“Most people can grow things in their garden,” says Ron.

Black Cockatoo friendly plants include Slender Banksia, Firewood Banksia, Acorn Banksia, Parrot Bush, Urchin Dryandra, Lesser Bottlebrush, Marri and Jarrah (for large gardens) Fuchsia Grevillea, Honey Bush, Two-Leaf Hakea and Wavy-leafed Hakea.

Even nut trees like Macadamias can all make a difference.

Secondly, he says, ensure your yard has water for the birds.

“It makes such a difference.”

 

 

These days, he says, many cockatoos have been forced to flock to the local cemetery to drink,  “ Most seem to be Roman Catholics!”

And of course, councils could replace introduced trees with native trees. Cottesloe’s dying Norfolk Pines, are not a food source for our endangered Carnaby’s. (The birds can eat seeds from traditional pine trees, of the family Pinaceae, but the Norfolk Pines, endemic to Norfolk Island, are from the conifer family Araucariaceae.) Rather than being replaced with more Norfolks, maybe black cockatoo-friendly natives could be considered?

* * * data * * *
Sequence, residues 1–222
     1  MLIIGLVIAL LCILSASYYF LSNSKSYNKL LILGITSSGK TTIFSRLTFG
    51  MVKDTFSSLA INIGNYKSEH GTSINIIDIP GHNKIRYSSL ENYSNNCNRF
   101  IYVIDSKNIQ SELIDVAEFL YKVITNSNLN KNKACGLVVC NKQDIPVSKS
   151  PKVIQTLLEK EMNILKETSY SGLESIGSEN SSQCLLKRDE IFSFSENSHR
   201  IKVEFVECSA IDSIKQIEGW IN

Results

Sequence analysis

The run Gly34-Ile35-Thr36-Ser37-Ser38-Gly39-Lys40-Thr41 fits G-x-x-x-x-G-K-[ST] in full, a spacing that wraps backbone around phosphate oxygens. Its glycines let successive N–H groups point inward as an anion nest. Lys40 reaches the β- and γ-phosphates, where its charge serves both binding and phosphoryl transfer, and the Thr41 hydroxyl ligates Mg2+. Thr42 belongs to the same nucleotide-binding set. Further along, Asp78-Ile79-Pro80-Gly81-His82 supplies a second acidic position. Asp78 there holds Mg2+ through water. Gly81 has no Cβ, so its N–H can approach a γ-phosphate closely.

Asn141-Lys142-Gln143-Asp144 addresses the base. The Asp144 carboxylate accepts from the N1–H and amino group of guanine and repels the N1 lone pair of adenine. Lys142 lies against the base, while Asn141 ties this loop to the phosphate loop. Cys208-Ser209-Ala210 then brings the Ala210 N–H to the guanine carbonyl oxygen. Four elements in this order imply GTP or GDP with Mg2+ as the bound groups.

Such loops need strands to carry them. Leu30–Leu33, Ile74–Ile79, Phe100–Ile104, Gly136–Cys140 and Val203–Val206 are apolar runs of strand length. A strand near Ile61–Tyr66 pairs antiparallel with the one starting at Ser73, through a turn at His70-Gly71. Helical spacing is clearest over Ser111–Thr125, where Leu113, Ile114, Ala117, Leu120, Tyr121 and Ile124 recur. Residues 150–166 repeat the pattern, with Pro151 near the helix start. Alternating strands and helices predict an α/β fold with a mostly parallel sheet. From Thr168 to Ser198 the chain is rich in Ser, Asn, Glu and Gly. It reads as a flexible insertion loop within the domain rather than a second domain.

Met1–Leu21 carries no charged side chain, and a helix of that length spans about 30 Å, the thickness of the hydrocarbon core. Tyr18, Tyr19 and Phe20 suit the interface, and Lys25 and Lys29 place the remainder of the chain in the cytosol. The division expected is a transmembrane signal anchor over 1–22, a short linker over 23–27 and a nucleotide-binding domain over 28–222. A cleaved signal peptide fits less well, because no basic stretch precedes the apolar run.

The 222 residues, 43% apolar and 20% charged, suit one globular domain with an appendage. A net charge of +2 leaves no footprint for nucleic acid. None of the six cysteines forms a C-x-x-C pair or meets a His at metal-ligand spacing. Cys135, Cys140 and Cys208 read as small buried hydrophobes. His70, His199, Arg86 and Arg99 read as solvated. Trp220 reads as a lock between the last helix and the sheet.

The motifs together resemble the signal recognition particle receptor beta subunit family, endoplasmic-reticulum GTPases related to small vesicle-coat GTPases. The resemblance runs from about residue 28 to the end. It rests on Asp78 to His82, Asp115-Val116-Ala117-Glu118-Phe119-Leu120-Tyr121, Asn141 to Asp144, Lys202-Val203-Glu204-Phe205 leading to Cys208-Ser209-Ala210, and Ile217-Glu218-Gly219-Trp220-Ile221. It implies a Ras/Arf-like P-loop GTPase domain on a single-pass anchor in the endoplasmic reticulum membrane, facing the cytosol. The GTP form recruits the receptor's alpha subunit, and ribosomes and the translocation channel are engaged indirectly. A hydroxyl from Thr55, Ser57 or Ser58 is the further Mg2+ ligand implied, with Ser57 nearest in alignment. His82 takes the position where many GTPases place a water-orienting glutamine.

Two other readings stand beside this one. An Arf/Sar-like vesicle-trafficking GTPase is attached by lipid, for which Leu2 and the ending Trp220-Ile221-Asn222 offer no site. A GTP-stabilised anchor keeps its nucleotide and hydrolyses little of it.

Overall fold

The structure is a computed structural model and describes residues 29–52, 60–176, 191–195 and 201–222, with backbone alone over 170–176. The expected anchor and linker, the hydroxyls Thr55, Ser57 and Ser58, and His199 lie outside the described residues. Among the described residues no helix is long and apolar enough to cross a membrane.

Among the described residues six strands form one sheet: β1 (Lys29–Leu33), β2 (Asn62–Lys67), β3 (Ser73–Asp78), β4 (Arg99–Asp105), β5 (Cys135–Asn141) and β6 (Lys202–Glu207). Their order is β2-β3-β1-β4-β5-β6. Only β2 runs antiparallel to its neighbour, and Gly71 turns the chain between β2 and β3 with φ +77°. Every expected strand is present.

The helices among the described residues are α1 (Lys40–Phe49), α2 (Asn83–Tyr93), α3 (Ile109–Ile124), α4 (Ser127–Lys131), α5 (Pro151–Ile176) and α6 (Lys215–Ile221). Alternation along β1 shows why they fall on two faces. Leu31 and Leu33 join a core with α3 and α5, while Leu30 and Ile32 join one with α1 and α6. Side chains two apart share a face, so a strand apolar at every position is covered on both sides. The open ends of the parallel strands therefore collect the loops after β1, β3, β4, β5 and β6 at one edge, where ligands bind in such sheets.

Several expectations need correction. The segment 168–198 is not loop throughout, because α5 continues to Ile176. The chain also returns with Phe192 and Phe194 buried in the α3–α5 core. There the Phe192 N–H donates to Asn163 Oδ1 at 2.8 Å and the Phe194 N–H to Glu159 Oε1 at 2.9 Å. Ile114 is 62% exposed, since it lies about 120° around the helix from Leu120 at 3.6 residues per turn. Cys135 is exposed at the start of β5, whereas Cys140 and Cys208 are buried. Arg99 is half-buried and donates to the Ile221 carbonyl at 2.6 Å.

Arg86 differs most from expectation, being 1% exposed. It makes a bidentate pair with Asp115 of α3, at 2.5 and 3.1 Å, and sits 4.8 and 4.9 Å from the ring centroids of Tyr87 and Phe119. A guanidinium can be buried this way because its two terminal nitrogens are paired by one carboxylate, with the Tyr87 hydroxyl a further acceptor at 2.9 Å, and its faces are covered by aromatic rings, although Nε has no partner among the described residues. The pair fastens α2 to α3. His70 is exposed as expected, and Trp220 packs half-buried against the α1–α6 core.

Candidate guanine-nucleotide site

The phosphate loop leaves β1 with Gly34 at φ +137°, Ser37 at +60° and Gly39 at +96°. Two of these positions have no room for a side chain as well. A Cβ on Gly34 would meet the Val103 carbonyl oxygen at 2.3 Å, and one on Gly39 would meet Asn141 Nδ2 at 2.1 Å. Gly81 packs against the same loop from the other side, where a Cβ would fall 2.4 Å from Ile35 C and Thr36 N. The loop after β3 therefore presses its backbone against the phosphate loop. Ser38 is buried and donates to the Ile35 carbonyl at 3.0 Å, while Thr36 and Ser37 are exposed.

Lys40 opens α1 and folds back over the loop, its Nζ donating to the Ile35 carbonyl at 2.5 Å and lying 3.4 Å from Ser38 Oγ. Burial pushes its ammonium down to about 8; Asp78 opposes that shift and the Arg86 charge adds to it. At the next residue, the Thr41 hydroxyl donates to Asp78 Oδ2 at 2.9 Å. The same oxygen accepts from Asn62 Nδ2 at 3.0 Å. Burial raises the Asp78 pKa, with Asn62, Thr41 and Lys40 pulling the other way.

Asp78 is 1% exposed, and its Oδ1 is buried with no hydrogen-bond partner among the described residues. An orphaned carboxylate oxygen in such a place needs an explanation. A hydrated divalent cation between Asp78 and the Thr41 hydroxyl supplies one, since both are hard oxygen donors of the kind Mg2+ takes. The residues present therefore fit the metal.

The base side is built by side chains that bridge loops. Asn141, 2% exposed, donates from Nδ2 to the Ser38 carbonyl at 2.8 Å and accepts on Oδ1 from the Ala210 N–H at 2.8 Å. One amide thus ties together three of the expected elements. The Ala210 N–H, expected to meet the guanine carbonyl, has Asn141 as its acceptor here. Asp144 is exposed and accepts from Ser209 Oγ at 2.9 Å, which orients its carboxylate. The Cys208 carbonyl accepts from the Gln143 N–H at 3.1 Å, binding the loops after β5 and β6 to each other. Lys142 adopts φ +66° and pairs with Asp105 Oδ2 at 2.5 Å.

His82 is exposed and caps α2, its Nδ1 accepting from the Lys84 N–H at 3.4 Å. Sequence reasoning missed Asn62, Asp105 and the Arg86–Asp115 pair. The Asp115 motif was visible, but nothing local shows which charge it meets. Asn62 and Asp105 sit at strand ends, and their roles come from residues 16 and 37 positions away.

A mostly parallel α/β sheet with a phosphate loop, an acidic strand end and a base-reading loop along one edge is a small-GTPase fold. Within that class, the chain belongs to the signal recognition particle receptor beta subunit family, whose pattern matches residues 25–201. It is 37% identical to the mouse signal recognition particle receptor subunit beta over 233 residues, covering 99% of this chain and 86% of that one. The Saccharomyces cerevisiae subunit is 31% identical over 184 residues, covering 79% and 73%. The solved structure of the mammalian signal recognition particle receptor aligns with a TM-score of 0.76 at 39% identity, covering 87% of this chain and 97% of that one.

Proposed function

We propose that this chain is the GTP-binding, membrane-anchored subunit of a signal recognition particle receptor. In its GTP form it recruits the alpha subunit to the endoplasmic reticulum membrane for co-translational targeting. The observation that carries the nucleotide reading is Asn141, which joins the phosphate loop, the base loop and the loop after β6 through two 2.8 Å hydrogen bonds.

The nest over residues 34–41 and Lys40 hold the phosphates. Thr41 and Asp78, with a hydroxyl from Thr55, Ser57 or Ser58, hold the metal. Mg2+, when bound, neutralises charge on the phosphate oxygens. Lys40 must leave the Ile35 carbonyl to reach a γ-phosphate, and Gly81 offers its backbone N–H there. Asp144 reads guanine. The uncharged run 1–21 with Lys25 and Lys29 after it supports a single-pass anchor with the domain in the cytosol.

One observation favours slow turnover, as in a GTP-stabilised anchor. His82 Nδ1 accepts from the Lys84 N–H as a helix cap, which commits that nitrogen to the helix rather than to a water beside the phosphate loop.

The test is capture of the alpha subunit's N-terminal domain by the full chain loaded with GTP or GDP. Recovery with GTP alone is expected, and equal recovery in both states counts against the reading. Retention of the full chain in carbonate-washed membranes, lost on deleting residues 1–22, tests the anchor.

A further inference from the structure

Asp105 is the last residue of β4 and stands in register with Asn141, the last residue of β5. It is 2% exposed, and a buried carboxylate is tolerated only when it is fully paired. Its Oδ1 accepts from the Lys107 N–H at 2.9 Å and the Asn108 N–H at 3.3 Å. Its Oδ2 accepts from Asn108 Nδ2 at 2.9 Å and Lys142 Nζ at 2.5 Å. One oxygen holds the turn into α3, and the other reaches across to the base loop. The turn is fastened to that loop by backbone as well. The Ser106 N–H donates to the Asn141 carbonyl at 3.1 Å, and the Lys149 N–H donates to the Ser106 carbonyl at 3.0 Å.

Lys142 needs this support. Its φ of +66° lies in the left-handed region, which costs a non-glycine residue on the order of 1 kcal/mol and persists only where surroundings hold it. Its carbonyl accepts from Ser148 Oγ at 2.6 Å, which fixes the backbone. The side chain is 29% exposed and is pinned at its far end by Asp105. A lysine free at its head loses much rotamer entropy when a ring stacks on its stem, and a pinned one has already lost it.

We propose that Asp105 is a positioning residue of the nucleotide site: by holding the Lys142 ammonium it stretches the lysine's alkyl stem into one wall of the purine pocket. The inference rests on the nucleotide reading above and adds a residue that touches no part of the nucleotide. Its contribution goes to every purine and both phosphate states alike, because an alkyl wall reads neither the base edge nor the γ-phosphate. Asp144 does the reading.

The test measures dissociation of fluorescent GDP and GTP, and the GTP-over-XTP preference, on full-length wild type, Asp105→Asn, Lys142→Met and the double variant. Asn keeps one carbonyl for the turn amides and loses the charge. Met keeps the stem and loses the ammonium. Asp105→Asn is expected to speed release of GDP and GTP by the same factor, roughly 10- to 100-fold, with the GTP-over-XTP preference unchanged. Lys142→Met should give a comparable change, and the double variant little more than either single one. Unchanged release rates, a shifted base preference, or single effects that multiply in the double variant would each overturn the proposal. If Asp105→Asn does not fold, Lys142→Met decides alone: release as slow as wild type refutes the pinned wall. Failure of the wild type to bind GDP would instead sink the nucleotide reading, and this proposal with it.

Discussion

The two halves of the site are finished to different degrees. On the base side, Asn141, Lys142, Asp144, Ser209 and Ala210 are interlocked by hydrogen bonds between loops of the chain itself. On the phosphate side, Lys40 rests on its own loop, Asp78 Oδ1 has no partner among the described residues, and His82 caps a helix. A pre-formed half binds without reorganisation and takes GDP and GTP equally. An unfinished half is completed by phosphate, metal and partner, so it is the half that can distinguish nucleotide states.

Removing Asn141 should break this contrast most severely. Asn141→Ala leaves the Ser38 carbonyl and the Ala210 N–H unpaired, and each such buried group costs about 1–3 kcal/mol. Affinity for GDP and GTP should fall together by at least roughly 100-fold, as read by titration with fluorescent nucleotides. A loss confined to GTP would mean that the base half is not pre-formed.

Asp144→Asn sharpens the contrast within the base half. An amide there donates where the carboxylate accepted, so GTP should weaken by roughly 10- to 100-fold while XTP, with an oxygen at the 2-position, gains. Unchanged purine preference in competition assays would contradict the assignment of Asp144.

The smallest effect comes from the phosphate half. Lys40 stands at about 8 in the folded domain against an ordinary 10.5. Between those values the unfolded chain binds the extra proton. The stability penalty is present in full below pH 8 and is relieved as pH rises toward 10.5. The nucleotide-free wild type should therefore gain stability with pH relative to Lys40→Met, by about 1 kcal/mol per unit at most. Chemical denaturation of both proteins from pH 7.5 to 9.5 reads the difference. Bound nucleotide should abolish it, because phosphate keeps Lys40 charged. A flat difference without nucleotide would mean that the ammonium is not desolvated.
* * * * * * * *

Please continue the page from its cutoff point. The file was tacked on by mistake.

Though many Cottesloe residents are sentimental about the Norfolk Pines, it’s perhaps worth remembering that the trees are not native and replacing them with the trees that traditionally abounded on the coastal plain would help save these endangered birds.

Says Margaret Owen, “A big increase in our urban canopy, particularly to link bushland and wetland areas and to link the Swan River to the Indian Ocean, is urgently needed. State and local governments are planting trees that provide cover and food for birds, and that cool our streets – but a lot more must be done. This is urgent!”

Margaret is an active member of a group formed to protect a 32 hectare area of Banksia/Jarrah woodland between Bold Park and Kings Park owned by the University of Western Australia, which Ron believes is suitable for both Carnaby’s and Red-tails to breed in.

 

 

The group, Friends of Underwood Avenue Bushland was formed in 1998 to try to prevent a proposed housing development on the bushland; the proposal remains an ongoing controversy.

Margaret believes the WA Government needs to ensure there are breeding sites throughout the State and tree corridors for the birds across every suburb.